In 500 B.C., during China’s famed ‘Spring and Autumn Period’, Kong Ze (Confucius), a commoner revered for his outstanding wisdom, is made Minister of Law in the ancient Kingdom of Lu. Under his inspired leadership, Lu ascends to new heights but becomes a target of conquest for the warlike nation of Qi. Threatened with annihilation by their powerful neighbour, a desperate people turn to their greatest teacher to lead their most powerful army. When Confucius delivers a stunning victory against all odds, a jealous aristocracy sets out to destroy him, but they should never under-estimate a remarkable man whose wisdom is more powerful than the sword.
I’m quite a big fan of historical dramas, so the combination of Chow Yun Fat & a historical Chinese epic filled me with quite a lot of excitement as I sat down to watch this dramatisation of the famous Chinese thinker.
Unfortunately, that excitement soon turned to boredom.
Let’s get the good points out of the way first, shall we? For a start, the costumes & interior sets are superb, and are presented wonderfully by cinematographer Peter Pau.
Likewise, Chow Yun Fat is wonderful as Kong Ze, ably presenting this great man’s huge intellect to the audience while also giving a glimpse at a more human side (even if it is only touched on briefly). There is a problem with his performance, though, in as much as it is wonderfully played the director Hu Mei concentrates more on the myth than the man, meaning we don’t really get to see what drove him or inspired him to become the man that everyone knows from the myths.
The rest of the cast are largely either forgetable, or so interchangable (even with the numerous onscreen captions & introductions telling us who they are) that it’s sometimes hard to keep track of who is who & what their relationship is to the other.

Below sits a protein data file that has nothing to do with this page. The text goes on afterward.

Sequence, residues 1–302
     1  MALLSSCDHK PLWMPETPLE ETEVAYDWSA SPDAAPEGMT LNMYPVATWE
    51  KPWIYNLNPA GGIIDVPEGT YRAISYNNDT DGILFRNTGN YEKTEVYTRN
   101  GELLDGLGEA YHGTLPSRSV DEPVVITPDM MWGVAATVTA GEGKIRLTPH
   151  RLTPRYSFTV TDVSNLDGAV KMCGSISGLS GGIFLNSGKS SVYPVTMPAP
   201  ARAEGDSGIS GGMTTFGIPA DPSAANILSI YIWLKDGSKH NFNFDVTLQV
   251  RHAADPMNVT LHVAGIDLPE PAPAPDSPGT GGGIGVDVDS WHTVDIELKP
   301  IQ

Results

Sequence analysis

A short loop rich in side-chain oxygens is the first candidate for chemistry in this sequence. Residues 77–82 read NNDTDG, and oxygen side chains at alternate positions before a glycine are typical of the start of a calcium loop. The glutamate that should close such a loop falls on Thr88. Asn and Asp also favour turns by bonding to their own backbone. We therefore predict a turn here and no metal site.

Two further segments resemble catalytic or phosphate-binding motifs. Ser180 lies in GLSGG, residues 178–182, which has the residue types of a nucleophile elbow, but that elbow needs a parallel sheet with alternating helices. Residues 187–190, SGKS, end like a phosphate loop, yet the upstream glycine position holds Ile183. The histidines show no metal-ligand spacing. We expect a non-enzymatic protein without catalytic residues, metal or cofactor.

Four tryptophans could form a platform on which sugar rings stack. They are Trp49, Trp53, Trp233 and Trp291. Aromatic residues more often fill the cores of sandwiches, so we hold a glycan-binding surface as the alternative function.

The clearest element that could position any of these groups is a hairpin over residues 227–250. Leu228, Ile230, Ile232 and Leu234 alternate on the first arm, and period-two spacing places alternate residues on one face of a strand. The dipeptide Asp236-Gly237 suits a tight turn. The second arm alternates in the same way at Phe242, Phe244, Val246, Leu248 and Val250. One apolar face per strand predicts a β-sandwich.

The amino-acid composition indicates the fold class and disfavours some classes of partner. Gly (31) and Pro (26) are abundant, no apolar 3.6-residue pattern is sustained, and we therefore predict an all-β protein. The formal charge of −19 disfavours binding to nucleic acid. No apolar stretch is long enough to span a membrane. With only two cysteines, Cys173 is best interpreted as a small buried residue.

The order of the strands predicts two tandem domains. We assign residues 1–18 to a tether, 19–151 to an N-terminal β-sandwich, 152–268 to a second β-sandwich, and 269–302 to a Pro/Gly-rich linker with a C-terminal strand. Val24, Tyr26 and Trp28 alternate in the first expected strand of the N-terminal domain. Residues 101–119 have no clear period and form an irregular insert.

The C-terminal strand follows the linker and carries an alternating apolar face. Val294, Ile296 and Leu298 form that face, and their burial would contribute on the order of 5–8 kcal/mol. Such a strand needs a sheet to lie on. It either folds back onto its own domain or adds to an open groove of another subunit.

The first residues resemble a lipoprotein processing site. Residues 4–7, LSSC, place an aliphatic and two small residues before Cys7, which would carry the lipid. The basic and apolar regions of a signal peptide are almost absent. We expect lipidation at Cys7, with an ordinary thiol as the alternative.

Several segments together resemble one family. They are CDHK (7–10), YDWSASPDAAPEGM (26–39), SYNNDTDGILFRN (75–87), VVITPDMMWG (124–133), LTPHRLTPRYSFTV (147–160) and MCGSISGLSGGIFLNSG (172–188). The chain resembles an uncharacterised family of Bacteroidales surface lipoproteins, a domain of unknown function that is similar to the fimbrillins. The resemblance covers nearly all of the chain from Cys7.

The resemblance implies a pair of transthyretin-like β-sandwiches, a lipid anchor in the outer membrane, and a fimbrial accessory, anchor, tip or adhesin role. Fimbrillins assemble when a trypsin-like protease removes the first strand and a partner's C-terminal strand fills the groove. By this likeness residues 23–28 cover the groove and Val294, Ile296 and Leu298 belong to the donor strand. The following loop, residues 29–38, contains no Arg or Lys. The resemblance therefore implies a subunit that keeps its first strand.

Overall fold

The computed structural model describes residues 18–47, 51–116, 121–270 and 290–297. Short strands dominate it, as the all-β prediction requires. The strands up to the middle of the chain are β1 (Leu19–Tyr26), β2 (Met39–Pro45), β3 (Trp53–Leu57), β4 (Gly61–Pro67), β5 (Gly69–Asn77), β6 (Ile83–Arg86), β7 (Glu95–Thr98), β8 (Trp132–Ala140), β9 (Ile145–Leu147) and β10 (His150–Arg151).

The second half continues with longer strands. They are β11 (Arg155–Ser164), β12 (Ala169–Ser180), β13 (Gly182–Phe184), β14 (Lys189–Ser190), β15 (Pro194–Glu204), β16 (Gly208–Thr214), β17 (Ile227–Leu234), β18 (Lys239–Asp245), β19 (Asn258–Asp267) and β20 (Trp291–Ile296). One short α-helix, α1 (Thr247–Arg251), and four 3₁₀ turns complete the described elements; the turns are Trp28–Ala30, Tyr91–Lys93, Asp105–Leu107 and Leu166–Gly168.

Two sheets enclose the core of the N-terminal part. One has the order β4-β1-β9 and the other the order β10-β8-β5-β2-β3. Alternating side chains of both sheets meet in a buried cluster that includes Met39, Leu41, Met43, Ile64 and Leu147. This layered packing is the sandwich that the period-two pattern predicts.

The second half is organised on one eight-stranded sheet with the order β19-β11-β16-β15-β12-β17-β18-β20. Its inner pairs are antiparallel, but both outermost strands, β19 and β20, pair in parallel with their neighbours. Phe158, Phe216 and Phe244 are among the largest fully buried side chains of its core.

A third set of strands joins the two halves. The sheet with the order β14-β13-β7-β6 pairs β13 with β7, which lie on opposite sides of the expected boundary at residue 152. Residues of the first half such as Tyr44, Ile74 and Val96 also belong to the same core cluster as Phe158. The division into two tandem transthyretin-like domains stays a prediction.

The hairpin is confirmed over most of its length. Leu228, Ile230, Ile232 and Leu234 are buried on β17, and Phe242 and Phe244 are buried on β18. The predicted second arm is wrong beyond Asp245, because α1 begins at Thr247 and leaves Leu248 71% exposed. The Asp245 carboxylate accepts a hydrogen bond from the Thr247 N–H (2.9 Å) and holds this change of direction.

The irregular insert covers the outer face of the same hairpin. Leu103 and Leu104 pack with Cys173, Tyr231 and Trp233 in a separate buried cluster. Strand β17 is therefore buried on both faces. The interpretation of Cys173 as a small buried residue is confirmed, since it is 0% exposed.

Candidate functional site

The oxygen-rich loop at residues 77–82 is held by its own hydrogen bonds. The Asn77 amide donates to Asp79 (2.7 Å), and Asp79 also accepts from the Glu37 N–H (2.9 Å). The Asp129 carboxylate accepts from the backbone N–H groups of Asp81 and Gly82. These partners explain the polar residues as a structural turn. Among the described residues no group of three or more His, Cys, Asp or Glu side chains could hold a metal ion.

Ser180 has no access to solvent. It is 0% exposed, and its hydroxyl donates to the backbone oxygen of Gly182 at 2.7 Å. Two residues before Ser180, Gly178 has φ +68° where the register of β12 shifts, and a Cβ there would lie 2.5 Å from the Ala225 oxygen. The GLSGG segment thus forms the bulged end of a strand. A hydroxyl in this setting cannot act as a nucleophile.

Unfortunately, that’s not the only problem.
The use of CGI in a lot of the exterior shots looks terrible – the CG is very badly done, & looks like something you might have seen 10 years ago. This is terribly jarring & a real disappointment.
Also there is a great deal of time devoted to battle sequences where Kong Ze is completely absent, and the mix between war epic, philosphical contemplation & comedy sometimes doesn’t seem to fit together that well.
At times I was bored by Confucius, at others it was exciting & then it was informative. Unfortunately, it was none of these things enough to say that it was a “good” film.
There did feel like certain sequences were either altered or taken out or shortened, which if they had been presented as intended might have served the film better, but as it is it is just a mildly diverting, & sometimes interesting, look at a philosopher that doesn’t really do the man behind the myth justice.